Patricia G. Parrish
|Patricia G. Parrish|
|Current Court Information:|
|Oklahoma District 7|
|Past position:||Attorney in private practice|
|Undergraduate:||Oklahoma State University, 1979|
|Law School:||University of Oklahoma, 1982|
|Candidate for:||District 7|
|Position:||Not on ballot|
|Election information 2014:|
Patricia G. Parrish is an Oklahoma district court judge for Oklahoma County, which is located in District 7. She first joined the court in 2003, and her current term expires in 2014. She filed for re-election in 2014, but due to facing no opposition, will be automatically elected to a new term that expires in 2018.
- See also: Oklahoma judicial elections, 2014
| Parrish is running for re-election to the Seventh District Court.
As an unopposed incumbent, she will be automatically re-elected without appearing on the ballot.
Parrish was re-elected to the district court after running unopposed.
- Main article: Oklahoma judicial elections, 2010
Prior to her judicial appointment, Parrish worked in private practice.
Awards and associations
- 2011: Mona Salyer Lambird Spotlight Award, Oklahoma Bar Association
- 2009: Judge of the Year Award, Oklahoma Association for Justice
- 2007: Journal Record Leadership in Law Award
- 2006: Hennessey High School Hall of Fame
- Member, Oklahoma Trial Judges Association
- Member, Oklahoma County Bar Association’s Voices for Children Committee
- Master, William J. Holloway Jr., American Inn of Court
Judge rules Oklahoma's execution law unconstitutional
Judge Parrish ruled against Oklahoma's execution law on March 26, 2014, declaring it to be unconstitutional for its strict privacy provision. Under the law, no one is able to disclose the source of the drugs used in the lethal injections. This became an issue when inmates Clayton Lockett and Charles Warner, who were scheduled to be executed in April 2014, inquired about the purity of the drugs that were to be used to kill them.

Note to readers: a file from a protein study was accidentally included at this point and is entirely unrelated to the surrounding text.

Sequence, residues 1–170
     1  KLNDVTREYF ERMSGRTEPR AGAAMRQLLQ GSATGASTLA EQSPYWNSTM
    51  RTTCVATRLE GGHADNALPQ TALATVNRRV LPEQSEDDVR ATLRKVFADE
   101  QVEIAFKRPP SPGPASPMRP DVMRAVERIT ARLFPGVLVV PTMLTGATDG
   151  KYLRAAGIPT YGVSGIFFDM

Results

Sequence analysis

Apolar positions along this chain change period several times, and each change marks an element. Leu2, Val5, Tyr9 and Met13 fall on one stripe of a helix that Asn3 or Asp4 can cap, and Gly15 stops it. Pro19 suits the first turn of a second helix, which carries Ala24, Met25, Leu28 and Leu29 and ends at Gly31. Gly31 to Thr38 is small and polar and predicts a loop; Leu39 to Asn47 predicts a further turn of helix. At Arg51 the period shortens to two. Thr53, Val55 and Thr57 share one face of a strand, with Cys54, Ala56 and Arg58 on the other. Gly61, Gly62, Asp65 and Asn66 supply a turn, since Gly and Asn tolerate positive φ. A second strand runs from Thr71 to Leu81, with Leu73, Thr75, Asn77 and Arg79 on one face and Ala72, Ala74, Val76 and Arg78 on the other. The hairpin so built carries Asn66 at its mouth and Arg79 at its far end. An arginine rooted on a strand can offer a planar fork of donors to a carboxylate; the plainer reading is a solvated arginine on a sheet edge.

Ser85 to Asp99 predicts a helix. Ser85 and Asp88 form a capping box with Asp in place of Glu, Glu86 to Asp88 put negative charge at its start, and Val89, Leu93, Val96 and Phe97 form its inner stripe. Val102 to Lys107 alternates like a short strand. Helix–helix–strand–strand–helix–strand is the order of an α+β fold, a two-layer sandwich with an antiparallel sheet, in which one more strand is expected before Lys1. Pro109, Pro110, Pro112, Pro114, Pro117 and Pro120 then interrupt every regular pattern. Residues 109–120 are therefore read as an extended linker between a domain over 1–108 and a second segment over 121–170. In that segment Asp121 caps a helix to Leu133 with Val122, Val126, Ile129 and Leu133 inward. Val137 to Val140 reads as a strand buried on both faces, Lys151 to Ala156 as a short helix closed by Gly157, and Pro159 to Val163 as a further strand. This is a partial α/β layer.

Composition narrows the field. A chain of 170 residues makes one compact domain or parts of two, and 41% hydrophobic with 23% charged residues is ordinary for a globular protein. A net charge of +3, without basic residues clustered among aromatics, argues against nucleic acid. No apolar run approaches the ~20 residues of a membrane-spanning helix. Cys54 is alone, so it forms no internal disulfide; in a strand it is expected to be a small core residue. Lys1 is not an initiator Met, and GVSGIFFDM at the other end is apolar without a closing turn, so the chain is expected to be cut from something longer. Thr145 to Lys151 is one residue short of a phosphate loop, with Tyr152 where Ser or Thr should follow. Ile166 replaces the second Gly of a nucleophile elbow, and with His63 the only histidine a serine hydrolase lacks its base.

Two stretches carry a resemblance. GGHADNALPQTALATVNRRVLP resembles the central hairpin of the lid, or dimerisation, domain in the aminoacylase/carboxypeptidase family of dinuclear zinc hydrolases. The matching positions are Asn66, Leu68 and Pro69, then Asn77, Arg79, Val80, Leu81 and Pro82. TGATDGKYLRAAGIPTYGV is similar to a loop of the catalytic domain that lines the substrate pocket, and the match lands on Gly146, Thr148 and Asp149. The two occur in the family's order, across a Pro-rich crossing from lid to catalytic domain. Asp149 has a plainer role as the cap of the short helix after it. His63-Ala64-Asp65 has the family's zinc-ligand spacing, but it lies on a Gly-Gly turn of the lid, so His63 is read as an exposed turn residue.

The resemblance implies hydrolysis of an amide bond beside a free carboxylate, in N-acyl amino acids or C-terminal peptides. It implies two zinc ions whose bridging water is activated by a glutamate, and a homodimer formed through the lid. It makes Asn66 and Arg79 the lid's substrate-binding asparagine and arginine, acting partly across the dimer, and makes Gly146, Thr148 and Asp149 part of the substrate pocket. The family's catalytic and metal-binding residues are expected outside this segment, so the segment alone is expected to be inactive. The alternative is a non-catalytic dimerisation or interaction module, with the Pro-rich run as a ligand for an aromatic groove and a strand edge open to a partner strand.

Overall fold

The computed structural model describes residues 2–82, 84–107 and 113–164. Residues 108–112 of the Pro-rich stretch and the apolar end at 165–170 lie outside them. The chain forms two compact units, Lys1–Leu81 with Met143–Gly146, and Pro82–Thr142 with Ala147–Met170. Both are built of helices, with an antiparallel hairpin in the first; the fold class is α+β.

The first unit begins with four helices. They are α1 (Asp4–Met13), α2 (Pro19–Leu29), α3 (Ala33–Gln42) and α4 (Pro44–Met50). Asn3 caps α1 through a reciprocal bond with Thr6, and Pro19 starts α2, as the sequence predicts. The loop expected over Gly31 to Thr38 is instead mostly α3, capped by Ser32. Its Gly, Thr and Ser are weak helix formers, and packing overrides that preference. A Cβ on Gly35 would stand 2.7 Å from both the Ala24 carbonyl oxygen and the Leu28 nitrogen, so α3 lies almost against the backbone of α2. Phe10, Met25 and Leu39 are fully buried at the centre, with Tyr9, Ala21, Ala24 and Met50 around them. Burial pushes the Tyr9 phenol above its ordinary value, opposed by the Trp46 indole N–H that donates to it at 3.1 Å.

Judge Parrish stated:
|“||I think that the secrecy statute is a violation of due process because access to the courts has been denied.||”|
Assistant Attorney General Seth Branham argued, "What is the point of having the information if there's nothing you can do with it?" Lockett and Warner, however, have said that they are afraid that if the drugs are impure, they may suffer more painful deaths. Their fears may have spawned from Michael Wilson's final words when he was executed by a three-drug injection in January of 2014. He said, "I feel my whole body burning."Lockett was executed on April 29, 2014, but died of a heart attack rather than the injection because the chemicals did not properly enter Lockett's veins. Warner's execution was then postponed for 180 days due to Lockett's problematic death.
- Oklahoma State Courts Network, "Oklahoma County and Judges"
- Oklahoma County website, "Patricia G. Parrish bio," January 16, 2014
- Oklahoma State Election Board, "Candidates for State Elective Office 2014"
- Oklahoma State Board of Elections, "Candidates for State Elective Office 2010"
- The Hennessey Clipper, "Bar Association honors HHS grad Patti Parrish and the late Judge Susie," September 22, 2011
- Huffington Post, "Judge Finds Oklahoma Execution Law Unconstitutional," March 26, 2014
- Note: This text is quoted verbatim from the original source. Any inconsistencies are attributed to the original source.
- KJRH, "Execution of Clayton Lockett fails, dies of heart attack...," April 29, 2014
- The Guardian, "Oklahoma agrees to 180-day stay of execution for death-row inmate." May 8, 2014